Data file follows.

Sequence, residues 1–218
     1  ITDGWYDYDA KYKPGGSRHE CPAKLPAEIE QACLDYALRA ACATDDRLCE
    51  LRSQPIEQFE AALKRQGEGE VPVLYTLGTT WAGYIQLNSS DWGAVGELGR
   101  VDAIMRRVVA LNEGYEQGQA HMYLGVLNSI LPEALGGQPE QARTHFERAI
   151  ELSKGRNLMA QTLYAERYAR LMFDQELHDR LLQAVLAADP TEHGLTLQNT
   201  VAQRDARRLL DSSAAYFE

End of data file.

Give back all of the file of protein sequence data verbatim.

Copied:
Sequence, residues 1–218
     1  ITDGWYDYDA KYKPGGSRHE CPAKLPAEIE QACLDYALRA ACATDDRLCE
    51  LRSQPIEQFE AALKRQGEGE VPVLYTLGTT WAGYIQLNSS DWGAVGELGR
   101  VDAIMRRVVA LNEGYEQGQA HMYLGVLNSI LPEALGGQPE QARTHFERAI
   151  ELSKGRNLMA QTLYAERYAR LMFDQELHDR LLQAVLAADP TEHGLTLQNT
   201  VAQRDARRLL DSSAAYFE